Please use this identifier to cite or link to this item:
|Title:||EXERCISE ENHANCES ALLOCENTRIC PROCESSING AND HIPPOCAMPAL FUNCTION IN THE ADULT BRAIN|
|Keywords:||Exercise;Spatial memory;Neurogenesis;Chronic stress;Depression;Hippocampal function|
|Abstract:||This experiment explored whether a long-term aerobic exercise program may induce significant structural and functional changes in the hippocampus, an area of the brain that is important for spatial navigation and memory formation. Based on existing rodent studies, we hypothesize that exercise will cause a shift to allocentric processing, away from a less robust egocentric learning strategy. It is possible that exercise-induced relief of chronic stress, which contributes to improved hippocampal function, will increase reliance on allocentric spatial navigation. Neurogenesis, which occurs in the dentate gyrus region of the hippocampus, is another indicator of hippocampal function that may influence this shift to allocentric learning. The current study examines whether six weeks of aerobic exercise enhances allocentric processing in healthy young adults. Forty-nine young adults (35 female; age range 18-29 years) were randomly assigned to one of three groups: 1) High intensity interval training group, 2) Moderate intensity training group, or 3) Non-exercising control group. Hippocampus-dependent memory was assessed before and after the intervention on a Virtual Reality Water Maze task, and a high interference memory task, the Mnemonic Similarity Task (MST) which may be dependent on hippocampal neurogenesis. Levels of chronic stress and depression were measured using the Beck Depression Inventory II. It was expected that exercise would improve spatial memory performance on the water maze task, and that performance would improve in proportion to enhanced fitness levels. This improvement in spatial memory performance was expected to correlate with the two indicators of hippocampal function that were assessed in the current study—chronic stress and performance on the high interference memory task. Six weeks of regular aerobic exercise resulted in a 21.5% improvement in spatial memory performance on the water maze task, indicating improved hippocampus-mediated spatial memory function. Improvements displayed by high intensity exercisers were greater than those observed in the moderate intensity exercisers, suggesting that higher intensity exercise may be more effective in enhancing hippocampal function. Importantly, low responders to exercise exhibited a 30% improvement in water maze performance, suggesting that even minor fitness improvements can lead to significant cognitive gains. Chronic stress and depression, and performance on the MST were not significantly associated with changes in spatial memory performance; however trends observed may offer some explanation to the aforementioned changes in spatial memory. Findings from the current study have important implications for treatment options in populations that are currently, or at risk of suffering from impaired hippocampal function.|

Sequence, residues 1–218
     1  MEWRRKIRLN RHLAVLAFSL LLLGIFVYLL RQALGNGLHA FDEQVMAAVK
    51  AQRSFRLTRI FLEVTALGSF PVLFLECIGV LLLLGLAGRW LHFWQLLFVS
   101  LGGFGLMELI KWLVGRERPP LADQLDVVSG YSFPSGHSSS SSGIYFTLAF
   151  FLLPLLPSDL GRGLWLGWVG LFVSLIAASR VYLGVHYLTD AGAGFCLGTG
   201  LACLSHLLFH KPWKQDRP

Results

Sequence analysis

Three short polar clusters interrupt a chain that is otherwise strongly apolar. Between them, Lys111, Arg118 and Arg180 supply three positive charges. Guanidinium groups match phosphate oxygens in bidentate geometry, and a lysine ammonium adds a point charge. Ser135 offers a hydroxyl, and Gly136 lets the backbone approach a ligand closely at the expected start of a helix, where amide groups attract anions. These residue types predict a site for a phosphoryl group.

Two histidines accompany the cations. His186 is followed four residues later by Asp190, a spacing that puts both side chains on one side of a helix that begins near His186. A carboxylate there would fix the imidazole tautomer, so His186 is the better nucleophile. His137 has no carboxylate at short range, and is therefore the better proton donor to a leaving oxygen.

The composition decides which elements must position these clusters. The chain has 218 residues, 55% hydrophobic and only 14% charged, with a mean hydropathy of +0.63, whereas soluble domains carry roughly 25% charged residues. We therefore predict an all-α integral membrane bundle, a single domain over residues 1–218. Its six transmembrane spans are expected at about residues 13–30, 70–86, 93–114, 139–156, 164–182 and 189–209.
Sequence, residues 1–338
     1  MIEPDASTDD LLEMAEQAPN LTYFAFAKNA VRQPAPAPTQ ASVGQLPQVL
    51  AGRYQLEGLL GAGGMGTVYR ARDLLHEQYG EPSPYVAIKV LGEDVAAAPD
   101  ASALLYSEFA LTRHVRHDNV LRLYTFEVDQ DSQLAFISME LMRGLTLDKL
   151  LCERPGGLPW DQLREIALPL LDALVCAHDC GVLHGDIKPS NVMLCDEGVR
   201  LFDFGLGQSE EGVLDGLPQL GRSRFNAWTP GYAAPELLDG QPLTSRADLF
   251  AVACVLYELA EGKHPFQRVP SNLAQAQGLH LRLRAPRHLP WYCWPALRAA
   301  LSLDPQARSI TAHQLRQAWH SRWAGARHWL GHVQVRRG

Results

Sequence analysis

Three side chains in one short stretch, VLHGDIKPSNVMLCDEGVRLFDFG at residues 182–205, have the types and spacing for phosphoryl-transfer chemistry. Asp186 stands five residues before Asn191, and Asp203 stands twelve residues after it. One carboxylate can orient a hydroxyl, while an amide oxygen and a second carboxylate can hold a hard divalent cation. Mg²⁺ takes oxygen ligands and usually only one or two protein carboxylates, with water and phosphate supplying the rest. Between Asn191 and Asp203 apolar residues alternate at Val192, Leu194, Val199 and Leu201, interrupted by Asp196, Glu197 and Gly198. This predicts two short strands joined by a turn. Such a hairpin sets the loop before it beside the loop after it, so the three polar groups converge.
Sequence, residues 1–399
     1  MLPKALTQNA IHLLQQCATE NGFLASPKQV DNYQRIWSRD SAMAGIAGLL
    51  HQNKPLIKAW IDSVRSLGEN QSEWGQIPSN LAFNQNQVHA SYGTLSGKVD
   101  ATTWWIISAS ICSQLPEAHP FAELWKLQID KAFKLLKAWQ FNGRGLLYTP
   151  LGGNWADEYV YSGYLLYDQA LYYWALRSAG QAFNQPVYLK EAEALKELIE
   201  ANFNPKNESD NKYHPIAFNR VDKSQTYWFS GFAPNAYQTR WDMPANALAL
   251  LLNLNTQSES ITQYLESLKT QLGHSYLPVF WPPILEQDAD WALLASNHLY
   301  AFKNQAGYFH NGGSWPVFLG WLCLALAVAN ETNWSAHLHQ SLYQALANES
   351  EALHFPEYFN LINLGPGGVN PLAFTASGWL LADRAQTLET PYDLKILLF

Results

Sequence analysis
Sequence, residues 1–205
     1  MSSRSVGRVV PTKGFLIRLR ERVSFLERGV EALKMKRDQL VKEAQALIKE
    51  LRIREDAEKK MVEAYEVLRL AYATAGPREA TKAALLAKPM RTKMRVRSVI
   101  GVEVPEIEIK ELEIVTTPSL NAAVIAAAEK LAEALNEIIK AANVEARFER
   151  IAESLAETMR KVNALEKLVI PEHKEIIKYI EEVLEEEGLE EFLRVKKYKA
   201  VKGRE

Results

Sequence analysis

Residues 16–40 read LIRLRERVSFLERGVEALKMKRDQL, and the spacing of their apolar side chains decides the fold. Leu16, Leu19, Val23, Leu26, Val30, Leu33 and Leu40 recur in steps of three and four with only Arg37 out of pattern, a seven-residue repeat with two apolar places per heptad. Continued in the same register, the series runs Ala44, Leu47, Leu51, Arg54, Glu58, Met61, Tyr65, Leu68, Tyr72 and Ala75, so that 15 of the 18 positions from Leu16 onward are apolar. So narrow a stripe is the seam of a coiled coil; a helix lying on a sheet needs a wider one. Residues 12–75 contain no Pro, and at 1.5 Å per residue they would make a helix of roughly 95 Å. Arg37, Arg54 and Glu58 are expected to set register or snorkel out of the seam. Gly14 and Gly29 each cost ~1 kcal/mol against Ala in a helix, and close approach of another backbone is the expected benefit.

|Appears in Collections:||Open Access Dissertations and Theses|
Files in This Item:
|McLaughlin_Sherisse_C_finalsubmission2016April_MSc.pdf||Thesis||304.29 kB||Adobe PDF||View/Open|
Items in MacSphere are protected by copyright, with all rights reserved, unless otherwise indicated.